earlier PowerPoint on Values, Beliefs, and Industrialization. It didn’t “fall off the back of a truck”
but evolved over several years and some damn hard work in-between.
I have been
challenged on a number of occasions by the general manager of very large
organization who effectively said “how come others don’t get this?” My understanding of why others don’t get
this is two-fold. The first is that
their sense of identity is so strongly attached to what they do know, and
therefore what they “hear” that contradict this is discounted and therefore
they don’t learn anything new. I have
always tried to counter this by making the learning tacit, rather than
explicit. Of course such people are
“clever” and quickly claim that they have no time to waste
and therefore don’t make time to experience new learning, and so indeed don’t
learn anything new (or anything old that they don’t currently know).
recently a second theme has revealed itself.
It comes from Michael Polanyi.
Polanyi was the scientist/philosopher and epistemologist who debunked
the myth of scientific objectivism and placed subjective learning – that is
tacit learning – in its rightful place in Western thought (that is
centrally). Polanyi first time round
is hard going – maybe the hardest text that I have had to come to grips with
to date. I’m sure now, knowing where I
was meant to go, that a secondary reading would reveal a great deal
more. In fact for a considerable
period of time Polanyi served better as a physical
prop under my laptop than as a source of erudition; the answer to my question
within finger-tip range and used for such a base purpose instead. The concepts of subsidiary and focal
knowing come from Polanyi, and much of the argument for systems and
components of systems is also fully developed by him at that time.
was framed in the early 1950’s but not published until 1958, it predates the
work of Kuhn, and in places describes so exactly the nature of scientific
paradigm. And in doing so it provides
for me the answer to the question that I thought that I could answer; “how
come others don’t get this?” That
answer falls around Polanyi’s assertion that within any paradigm (using
Kuhn’s later terminology) the facts and beliefs are self-referential. Within a paradigm, everything, even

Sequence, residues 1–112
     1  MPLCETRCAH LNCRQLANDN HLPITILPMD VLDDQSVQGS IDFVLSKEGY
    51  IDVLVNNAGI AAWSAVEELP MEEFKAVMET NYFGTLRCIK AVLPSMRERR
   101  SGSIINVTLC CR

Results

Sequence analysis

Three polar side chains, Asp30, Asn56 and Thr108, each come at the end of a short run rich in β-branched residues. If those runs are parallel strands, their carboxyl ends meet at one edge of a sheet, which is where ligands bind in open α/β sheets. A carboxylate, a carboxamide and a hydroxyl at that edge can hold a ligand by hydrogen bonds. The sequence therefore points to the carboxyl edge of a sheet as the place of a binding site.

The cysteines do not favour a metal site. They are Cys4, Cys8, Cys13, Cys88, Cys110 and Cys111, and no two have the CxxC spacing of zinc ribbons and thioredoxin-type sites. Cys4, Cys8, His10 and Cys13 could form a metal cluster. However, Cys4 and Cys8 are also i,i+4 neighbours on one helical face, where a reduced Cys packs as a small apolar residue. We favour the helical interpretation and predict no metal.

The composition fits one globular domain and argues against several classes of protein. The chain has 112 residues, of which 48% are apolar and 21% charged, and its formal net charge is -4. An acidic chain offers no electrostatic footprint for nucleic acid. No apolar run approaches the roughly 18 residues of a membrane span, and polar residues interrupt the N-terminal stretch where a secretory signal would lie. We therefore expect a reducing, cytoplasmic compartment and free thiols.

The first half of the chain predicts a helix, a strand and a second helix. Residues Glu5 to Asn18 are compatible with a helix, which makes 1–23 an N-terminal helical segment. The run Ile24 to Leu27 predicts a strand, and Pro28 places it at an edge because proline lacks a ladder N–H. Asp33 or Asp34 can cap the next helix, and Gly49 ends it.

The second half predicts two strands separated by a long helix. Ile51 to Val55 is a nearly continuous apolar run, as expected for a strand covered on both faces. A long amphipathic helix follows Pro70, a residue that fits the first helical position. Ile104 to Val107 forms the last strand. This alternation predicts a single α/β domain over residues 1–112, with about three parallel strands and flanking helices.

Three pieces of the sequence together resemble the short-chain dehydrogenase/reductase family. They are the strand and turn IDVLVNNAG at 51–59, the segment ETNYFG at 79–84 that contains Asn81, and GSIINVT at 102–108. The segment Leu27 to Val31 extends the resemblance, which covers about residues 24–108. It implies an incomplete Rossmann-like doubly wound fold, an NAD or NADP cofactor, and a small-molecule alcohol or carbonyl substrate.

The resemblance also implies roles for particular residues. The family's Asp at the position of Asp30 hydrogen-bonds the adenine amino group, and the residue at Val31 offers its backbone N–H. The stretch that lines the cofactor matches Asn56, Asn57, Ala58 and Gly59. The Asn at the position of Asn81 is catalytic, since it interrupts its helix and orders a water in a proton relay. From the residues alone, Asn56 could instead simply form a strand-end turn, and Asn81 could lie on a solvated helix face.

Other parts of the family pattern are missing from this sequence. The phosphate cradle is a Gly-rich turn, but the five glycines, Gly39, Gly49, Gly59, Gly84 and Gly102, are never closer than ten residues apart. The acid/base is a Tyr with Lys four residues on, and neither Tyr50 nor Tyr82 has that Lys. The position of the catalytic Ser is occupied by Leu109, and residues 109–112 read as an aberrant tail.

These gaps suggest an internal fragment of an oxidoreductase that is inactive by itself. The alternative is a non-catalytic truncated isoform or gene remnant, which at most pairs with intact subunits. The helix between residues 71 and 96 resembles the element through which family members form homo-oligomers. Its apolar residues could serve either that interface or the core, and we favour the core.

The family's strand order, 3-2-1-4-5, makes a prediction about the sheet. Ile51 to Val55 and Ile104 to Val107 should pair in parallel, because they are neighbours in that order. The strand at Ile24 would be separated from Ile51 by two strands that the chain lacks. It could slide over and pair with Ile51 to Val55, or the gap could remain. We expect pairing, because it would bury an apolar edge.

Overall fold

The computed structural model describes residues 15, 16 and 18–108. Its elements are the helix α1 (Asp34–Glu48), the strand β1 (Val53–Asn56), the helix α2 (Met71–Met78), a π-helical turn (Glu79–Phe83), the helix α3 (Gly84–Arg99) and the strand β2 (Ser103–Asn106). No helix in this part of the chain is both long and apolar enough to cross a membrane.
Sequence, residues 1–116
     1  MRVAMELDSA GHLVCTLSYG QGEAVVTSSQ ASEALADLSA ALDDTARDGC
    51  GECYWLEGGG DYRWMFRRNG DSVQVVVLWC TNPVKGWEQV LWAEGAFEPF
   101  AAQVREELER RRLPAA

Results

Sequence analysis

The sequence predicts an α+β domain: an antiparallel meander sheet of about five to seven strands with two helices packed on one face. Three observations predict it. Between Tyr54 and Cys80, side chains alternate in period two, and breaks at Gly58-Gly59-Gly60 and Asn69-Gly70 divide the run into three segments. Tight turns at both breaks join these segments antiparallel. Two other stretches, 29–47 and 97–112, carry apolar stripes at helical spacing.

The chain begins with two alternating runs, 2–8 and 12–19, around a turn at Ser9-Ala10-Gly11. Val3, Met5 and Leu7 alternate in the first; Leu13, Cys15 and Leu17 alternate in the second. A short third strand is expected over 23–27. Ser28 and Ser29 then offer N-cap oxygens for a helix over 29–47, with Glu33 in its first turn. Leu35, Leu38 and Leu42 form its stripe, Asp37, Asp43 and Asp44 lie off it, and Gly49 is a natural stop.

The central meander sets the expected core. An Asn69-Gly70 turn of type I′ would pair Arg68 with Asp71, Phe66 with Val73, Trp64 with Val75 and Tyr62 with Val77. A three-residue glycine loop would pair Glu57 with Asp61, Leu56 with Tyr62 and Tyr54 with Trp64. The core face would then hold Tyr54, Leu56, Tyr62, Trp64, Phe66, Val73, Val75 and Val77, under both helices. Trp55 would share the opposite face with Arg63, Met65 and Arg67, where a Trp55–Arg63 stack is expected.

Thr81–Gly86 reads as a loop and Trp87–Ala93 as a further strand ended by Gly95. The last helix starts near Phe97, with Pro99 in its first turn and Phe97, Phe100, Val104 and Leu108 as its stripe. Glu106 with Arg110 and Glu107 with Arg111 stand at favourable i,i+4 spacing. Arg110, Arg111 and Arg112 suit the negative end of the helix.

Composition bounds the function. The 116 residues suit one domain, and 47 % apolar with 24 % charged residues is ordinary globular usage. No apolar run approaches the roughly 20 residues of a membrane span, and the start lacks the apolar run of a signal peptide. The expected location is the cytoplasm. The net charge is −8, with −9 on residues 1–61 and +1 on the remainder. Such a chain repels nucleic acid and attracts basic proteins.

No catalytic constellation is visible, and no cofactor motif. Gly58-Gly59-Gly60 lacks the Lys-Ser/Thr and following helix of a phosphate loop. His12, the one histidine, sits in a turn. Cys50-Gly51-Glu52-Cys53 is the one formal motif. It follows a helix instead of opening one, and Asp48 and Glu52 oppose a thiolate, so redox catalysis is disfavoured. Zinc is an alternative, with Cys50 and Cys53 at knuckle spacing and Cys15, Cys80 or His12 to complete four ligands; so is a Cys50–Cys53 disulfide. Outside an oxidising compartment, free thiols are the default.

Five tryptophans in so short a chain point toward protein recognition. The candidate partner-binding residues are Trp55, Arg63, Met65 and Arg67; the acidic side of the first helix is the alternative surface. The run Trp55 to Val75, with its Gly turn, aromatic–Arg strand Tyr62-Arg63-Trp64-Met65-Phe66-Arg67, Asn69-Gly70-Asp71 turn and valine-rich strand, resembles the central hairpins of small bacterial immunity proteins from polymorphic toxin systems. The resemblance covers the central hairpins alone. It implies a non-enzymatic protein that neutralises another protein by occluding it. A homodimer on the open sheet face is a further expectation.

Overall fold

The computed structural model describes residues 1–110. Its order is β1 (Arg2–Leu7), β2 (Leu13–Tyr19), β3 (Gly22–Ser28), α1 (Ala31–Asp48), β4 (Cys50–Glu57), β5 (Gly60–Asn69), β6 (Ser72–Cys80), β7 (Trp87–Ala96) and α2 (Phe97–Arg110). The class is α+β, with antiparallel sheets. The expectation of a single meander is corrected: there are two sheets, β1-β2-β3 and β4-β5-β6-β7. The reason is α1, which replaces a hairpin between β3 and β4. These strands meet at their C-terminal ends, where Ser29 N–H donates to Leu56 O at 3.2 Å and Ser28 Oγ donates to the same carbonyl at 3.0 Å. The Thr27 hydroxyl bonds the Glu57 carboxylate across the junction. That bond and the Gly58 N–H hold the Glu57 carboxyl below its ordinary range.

anomaly, can be explained.
who “don’t get this,” live within a local reductionist world that is based
upon their individual and personal experience. Each and every generation discovers (or
not) this for themselves. And it is
totally self-referential. This is the
epistemology that Bateson described as totemism, but the history of science
in general is full of this; alchemy, and solving the problems in the belief
system of alchemy
lead to chemistry, astrology, and solving the problems in the
belief system of astrology, lead to astronomy. Polanyi illustrates totemism and its
relationship to modern science beautifully using occult-poison of the
Zande. It has exact abductive
parallels in science, and our current industrial endeavors.
So, what was
missing, was my failure to recognize that the “other side” sees an
internally consistent and self-referential (essentially error-free)
interpretation of the “world” in which they operate. The issue is that “we” see their anomaly”
for what it is and can explain it more fully.
The skill is to make this transformation without causing damage to the
other people’s sense of identity.
I have tried
to explain this (and more) in the paradox of systemism – it is long and has
some important “side-bar” pages. It is
much better for having waited the better part of a year in order to be able
to do this. Nothing much was dropped
out, but a missing key was added in.
It is more than just the Theory of Constraints, but it is also exactly
the Theory of Constraints.
This Webpage Copyright © 2007-2010 by Dr K. J.